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Extract of a Letter to a Gentleman in Philadelphia,



The troubles in the back parts are entirely subsided. Their ringleaders, with about one hundred and thirty others, were taken. All to about twenty have been dismissed, and sent safe to their own houses, being convinced


of their mistake, and well satisfied with the treatment they received when taken. They had been persuaded to take up arms to preserve their lives and properties, which they heard had been sold to the Indians, who were to butcher them all on a fixed day, when the Liberty People, (as they call them,) were to go into forts, and leave them open and defenceless to the enemy, to be destroyed entirely. Some villains swore before a magistrate, that powder had been sent to the Indians for this diabolical purpose. Upon this they collected a second and third time, but were attacked by Colonels Richardson and Thompson at the break of day, after a forced march of twenty-five miles in the night, surprised and taken.

About thirty of the prisoners work at a battery six miles from town, on Sullivan' s Island, at the mouth of the harbour. I did myself the honour of going down as a volunteer with the detachment. Here I got acquainted with several of the insurgents, who were plain, honest, sensible fellows; and as I assumed no character above a digger or spadesman, in which, without vanity, I excelled the whole corps, they looked upon me as their brother, and heard me gladly. I gave them a full and proper account of every thing concerning the ground of the war. This, with three or four gallons of rum, was of infinite service to our cause.

The reason of deferring the battery on Sullivan' s Island was the Tamar and Cherokee,sloops-of-war, lay close alongside of this Island, which was made a den for runaway slaves, who were encouraged and protected by the people belonging to the ships. The departure of them, occasioned by want of provisions, which we refused to supply them with, the moment we had it in our power to prevent them from plundering, gave us an opportunity of fortifying the Island. I went twice down, and worked the first time three, and the second two days, the only volunteer. The ships were but a few days gone, when three others sent from England, appeared off our bar, the Syren, of twenty-eight, Raven, of twenty guns, and a transport. They several times attempted coming in, but the wind for three or four days prevented them. One of our pilot boats fired upon their barge, which was several times returned without damage. They at last sailed for Georgia, where they and the other men-of-war are now striving to procure provisions, after which we expect a visit from them, and are pretty well prepared. We have above one hundred heavy cannon mounted for the defence of the town and harbour, and the Militia from all parts are marching into town.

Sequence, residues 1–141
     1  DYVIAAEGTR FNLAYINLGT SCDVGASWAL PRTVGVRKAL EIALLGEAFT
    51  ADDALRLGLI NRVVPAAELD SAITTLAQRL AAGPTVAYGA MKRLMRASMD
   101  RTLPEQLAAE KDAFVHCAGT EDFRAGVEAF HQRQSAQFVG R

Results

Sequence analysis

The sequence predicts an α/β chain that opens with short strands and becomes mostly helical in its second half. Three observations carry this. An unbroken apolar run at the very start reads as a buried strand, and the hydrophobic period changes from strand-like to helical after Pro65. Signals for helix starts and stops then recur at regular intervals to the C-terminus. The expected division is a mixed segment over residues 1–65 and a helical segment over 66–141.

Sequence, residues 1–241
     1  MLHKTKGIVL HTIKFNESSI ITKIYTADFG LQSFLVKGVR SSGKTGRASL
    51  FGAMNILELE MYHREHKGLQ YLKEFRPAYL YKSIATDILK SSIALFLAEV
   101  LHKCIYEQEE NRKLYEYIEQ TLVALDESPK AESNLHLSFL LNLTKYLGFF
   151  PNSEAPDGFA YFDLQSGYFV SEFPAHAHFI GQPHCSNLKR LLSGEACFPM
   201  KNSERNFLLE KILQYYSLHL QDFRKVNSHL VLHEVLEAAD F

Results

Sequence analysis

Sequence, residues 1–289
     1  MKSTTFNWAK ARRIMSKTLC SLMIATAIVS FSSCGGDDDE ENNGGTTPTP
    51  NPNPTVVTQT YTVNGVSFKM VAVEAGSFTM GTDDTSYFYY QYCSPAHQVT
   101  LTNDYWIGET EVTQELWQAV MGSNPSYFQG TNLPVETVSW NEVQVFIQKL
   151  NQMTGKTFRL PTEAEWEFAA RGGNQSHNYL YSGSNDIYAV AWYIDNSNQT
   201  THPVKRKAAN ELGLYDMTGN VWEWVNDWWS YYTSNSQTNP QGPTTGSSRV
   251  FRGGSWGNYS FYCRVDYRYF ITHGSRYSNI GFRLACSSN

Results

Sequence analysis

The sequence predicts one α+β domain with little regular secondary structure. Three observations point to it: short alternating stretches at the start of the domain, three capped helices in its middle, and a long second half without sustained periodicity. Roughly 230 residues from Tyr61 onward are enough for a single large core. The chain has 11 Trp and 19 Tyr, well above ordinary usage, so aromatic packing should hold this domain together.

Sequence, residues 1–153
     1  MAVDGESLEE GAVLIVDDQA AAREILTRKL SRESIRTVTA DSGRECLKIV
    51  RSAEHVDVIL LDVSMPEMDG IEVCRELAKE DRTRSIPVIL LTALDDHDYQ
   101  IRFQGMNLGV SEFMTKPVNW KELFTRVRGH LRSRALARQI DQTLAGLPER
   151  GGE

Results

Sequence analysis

Upon the return of the Georgia Delegates, the Sons of Liberty assembled, unrigged all the vessels that were ready to sail for England, set up a Liberty Pole, seized upon the persons of the Governour and Council, and sent to us for two hundred men. Some Tories there are striving to bring on an Indian war, and recruiting for Government in the back parts of that Province.

The town is surrounded with seven batteries, two on James' s Island, viz: Fort Johnston of twenty, and a new one of eleven guns; and two on Sullivan' s Island, one of twelve, and another of four guns; so that we can rake the whole harbour from the bar. But I suppose this is nothing to what your Council of Safety has done for the defence of Philadelphia, which is so easily defended on account of the length of your river. You must be impregnable by this time. You are happy, my dear friend, in not being exposed to the more than diabolical machinations of Government tools, and the dread of insurrections from your Slaves. Hell would be ashamed of such mean and more than brutal attempts to destroy us, and the Devil would blush at the impudence of the man who would have ihe effrontery to recommend a re-union with so barbarous a Government.